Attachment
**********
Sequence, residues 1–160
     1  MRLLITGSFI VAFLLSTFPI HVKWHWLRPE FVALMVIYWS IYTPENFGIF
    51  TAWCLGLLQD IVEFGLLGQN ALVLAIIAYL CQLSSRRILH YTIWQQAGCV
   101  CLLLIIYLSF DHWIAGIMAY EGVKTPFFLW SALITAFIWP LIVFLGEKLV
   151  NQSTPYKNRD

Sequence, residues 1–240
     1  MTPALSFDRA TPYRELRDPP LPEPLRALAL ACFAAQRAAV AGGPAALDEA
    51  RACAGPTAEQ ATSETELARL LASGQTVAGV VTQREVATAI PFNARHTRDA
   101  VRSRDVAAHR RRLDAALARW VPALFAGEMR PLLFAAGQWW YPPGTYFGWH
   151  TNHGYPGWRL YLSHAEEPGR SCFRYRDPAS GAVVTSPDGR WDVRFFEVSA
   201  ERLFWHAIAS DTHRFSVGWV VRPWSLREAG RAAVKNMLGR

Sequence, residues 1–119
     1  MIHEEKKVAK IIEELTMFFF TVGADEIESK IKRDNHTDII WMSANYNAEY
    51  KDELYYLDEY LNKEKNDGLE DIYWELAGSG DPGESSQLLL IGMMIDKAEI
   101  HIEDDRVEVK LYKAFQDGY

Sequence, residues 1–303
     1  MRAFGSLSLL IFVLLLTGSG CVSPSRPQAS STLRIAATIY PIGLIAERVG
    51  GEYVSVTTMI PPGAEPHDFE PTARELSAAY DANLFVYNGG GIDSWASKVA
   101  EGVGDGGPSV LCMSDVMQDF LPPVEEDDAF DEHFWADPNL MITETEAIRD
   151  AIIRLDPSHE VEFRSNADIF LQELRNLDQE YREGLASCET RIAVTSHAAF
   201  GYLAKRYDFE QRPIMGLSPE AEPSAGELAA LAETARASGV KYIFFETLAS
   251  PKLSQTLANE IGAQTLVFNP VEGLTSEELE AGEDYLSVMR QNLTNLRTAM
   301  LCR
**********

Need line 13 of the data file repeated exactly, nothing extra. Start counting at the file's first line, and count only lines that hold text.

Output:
     1  MIHEEKKVAK IIEELTMFFF TVGADEIESK IKRDNHTDII WMSANYNAEY